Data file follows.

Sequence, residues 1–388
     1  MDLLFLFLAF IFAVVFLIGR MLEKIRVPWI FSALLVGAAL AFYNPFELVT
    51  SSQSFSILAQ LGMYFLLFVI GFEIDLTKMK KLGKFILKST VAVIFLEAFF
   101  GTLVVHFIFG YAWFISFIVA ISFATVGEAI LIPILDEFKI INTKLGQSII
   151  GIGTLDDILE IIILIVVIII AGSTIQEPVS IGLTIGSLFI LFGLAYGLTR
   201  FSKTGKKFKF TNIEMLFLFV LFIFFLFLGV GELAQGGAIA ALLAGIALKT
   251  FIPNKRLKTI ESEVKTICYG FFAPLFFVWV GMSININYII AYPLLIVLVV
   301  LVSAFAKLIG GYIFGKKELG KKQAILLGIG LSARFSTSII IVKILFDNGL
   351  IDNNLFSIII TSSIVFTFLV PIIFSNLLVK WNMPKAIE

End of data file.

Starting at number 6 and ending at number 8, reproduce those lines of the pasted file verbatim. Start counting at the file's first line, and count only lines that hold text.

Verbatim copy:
   201  FSKTGKKFKF TNIEMLFLFV LFIFFLFLGV GELAQGGAIA ALLAGIALKT
   251  FIPNKRLKTI ESEVKTICYG FFAPLFFVWV GMSININYII AYPLLIVLVV
   301  LVSAFAKLIG GYIFGKKELG KKQAILLGIG LSARFSTSII IVKILFDNGL